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Delphiniums reward the brave

Delphiniums are perfection, in my book. I mean, just look at that tower of flowers on one tall (4- to 7-foot) spire.

Sadly, the first flush of flowers is almost gone now. But follow my advice, and you'll get one more burst of beauty this year and learn how to make cut delphiniums last longer, to boot.

To get that second (albeit, smaller) bloom, you've got to bite your lower lip to prevent visible quivering. Then cut the stalks hard. If you cut the stems 8 to 12 inches from the ground now, the plant will push up more flowers by summer's end.

Growing delphiniums is not for the faint of heart. Garden author Tracy DiSabato-Aust says, 'Delphiniums are not cold-, wet- or heat-hardy; they are subject to a long list of disease and insect problems; they need to be staked, thinned, deadheaded and cut back for best performance; and they require summer fertilizer to maintain any vigor.'

Perhaps delphiniums should come with a manufacturer's warranty: 'This plant will get tall and needs support at all times. This plant may need plant food. This plant may be eaten to death by bugs or slugs. This plant may get hot and wilt if not watered. The lower leaves of this plant may get powdery mildew and fall off, leaving the plant looking marvelous from the knees up and ugly as sin from the knees down.'

Yes, delphiniums have issues. No warning can dissuade devotees, however.

I've never seen a more gorgeous mass of delphiniums than in Old Germantown Gardens, the private Northwest Portland sanctuary of Bruce Wakefield and Jerry Grossnickle. They have hundreds of delphiniums growing in an enormous stand that takes center stage in their garden. The stalks are as thick as sugar cane.

Even so, this plant tortures poor Wakefield.

'I have a soft spot in my heart for delphiniums,' he says, 'despite my cursing them as they're crashing to the ground in a strong wind or heavy rain. I do whatever I can to save them, they're so elegant.'

Just as he threatens to cry uncle, Wakefield stands tall against his delphiniums and reminds himself: 'You're bigger than it is. You're the one with the shovel.'

Wakefield grows several varieties of the perennial and suggests we try hybrids developed in Germany by Karl Foerster to be rugged and more vigorous. The difference is striking in Wakefield's garden; he bends down to show how the stems are sturdier and they need less stalking.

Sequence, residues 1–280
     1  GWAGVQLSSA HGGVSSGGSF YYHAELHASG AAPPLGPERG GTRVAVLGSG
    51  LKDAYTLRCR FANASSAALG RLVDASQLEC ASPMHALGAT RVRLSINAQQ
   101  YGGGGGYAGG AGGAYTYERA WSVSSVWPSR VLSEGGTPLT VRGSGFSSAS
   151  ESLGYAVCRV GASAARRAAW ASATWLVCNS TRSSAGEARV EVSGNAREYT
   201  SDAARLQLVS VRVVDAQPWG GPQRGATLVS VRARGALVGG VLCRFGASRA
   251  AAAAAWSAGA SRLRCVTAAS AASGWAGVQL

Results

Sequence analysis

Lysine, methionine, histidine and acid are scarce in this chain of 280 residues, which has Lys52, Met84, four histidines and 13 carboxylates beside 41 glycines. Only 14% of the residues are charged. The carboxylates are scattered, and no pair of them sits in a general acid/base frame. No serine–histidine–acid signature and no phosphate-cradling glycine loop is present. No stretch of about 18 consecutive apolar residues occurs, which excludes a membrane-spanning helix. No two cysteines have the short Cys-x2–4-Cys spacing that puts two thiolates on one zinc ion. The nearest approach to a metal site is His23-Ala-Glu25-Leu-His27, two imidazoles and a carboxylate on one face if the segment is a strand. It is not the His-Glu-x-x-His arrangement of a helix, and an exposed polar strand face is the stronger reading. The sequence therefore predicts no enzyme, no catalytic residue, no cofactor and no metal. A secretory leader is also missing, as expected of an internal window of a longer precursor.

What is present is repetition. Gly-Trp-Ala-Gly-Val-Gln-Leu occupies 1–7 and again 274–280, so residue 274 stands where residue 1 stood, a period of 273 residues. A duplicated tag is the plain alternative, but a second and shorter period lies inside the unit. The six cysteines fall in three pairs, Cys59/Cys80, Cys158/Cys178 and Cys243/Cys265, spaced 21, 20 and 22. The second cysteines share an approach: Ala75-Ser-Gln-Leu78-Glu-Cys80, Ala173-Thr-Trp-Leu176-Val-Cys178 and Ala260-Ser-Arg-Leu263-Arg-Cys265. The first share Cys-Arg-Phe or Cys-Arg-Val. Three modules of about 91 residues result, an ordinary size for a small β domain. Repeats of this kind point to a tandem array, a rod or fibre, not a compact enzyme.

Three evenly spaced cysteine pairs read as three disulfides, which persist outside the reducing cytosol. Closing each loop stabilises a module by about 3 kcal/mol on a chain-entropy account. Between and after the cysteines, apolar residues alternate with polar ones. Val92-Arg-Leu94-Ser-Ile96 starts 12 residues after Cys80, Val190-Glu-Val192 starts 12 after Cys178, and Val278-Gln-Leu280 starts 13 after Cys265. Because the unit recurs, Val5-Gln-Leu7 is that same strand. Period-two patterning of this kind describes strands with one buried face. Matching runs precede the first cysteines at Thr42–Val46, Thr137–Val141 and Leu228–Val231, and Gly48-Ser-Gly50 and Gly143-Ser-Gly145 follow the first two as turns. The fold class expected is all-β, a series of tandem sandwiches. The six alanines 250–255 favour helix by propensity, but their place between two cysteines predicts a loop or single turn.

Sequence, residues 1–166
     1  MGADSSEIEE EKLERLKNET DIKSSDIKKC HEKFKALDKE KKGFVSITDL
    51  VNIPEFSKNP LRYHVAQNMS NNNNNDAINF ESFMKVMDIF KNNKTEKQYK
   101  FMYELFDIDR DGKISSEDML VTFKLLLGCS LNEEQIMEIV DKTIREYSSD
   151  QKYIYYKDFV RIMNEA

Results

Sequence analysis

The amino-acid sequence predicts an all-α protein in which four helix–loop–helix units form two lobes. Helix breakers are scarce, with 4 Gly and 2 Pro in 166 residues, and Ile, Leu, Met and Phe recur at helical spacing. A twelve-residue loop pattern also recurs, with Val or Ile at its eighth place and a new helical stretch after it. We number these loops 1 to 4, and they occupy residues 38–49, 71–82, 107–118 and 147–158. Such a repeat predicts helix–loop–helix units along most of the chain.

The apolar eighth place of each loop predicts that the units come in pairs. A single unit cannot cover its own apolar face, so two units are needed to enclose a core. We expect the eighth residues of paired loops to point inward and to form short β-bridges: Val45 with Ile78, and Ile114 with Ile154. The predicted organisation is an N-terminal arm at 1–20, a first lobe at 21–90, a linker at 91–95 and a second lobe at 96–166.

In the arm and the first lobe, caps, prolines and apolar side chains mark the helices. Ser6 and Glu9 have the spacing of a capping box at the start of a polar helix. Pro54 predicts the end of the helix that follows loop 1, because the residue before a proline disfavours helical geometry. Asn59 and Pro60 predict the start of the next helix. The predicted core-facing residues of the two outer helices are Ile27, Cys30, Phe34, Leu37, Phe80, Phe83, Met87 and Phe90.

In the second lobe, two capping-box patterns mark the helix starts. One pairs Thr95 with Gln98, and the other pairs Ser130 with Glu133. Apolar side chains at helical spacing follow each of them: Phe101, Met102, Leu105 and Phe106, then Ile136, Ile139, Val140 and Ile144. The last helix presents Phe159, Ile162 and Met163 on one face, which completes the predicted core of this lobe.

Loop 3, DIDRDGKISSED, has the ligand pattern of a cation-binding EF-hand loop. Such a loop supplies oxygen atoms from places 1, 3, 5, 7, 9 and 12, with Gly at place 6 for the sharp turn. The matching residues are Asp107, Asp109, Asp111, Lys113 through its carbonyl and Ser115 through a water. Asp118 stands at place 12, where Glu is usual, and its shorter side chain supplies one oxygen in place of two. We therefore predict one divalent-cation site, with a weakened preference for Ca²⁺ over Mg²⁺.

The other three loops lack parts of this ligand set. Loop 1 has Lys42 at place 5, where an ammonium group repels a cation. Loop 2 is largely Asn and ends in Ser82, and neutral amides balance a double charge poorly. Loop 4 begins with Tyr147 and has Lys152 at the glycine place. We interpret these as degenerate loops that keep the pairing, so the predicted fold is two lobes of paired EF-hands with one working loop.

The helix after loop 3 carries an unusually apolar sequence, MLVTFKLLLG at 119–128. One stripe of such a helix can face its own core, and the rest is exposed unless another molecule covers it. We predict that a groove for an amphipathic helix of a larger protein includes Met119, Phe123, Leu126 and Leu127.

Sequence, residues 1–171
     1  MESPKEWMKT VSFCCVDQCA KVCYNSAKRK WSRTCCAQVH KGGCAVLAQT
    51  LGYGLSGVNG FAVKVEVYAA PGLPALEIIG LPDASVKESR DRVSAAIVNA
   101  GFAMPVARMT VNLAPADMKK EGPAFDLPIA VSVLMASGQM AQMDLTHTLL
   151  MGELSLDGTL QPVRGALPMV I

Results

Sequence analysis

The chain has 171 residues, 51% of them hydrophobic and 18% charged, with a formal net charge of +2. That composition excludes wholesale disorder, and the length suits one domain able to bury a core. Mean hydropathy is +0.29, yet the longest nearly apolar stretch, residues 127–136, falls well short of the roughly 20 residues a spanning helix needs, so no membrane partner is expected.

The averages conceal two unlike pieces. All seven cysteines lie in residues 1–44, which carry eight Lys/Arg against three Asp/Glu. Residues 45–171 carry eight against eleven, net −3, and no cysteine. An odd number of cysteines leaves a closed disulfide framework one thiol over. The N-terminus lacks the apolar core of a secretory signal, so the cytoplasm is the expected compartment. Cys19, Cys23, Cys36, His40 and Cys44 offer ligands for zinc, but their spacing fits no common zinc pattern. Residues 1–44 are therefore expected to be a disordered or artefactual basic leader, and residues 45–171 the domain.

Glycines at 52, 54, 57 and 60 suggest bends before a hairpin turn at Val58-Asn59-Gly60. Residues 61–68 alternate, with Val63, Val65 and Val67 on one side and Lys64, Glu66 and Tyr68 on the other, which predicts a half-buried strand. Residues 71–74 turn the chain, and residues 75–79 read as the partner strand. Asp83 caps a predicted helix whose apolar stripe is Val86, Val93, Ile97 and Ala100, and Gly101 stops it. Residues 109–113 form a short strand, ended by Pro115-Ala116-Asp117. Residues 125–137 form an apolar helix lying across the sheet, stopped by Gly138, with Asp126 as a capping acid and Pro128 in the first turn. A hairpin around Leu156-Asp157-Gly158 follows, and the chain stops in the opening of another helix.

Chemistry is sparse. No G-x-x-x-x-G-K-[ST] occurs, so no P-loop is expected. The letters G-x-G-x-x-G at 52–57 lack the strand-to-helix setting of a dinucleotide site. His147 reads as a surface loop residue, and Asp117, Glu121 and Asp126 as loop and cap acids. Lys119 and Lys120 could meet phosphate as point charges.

I'm a believer. Wakefield's 7-foot-tall spires stand straight, often without staking, while the other delphiniums, just steps away, require dozens of sturdy supports. For these, Wakefield uses tall bamboo poles next to each spire and secures the flower stem to it.

He says the real secret to growing gorgeous delphiniums is lots of water and tons of mulch. He lays 3 inches of new mulch on the beds each year. That's it no more fertilizer.

Here's another tip: slug bait. Don't be a Pollyanna and believe your delphiniums won't require a couple of applications of slug bait and something to lean on. Get out there and show 'em some support.

One more trick you might like to try. Delphiniums make wonderful cut flowers. Unfortunately, they don't last if you merely stick the stem in a vase. Try this old florist's trick to keep the flowers from wilting instantly: When you cut the stem, you'll notice it's hollow inside. Using a water bottle or pitcher, fill the stem with clean, cool water until it bubbles out. Then plug the end of the delphinium stalk with a piece of cotton ball. Your cut flower will last twice as long.

This week's to-do list

• Time to cut back stems of foxglove, spiderwort and coreopsis.

• Prevent corn earworm damage by putting a couple of drops of mineral oil in the silk at the tip.

• Want to play 'diagnose that disease' on your favorite plant that's looking peaked? Try the Plant Disease Control Web site from the Oregon State University Extension Service (plant-disease.orst.edu). It's awesome!

'Your Northwest Garden with Anne Jaeger' airs at 7 p.m. Saturday on KGW (8). Contact Jaeger via her Web site at www.gardengal.tv.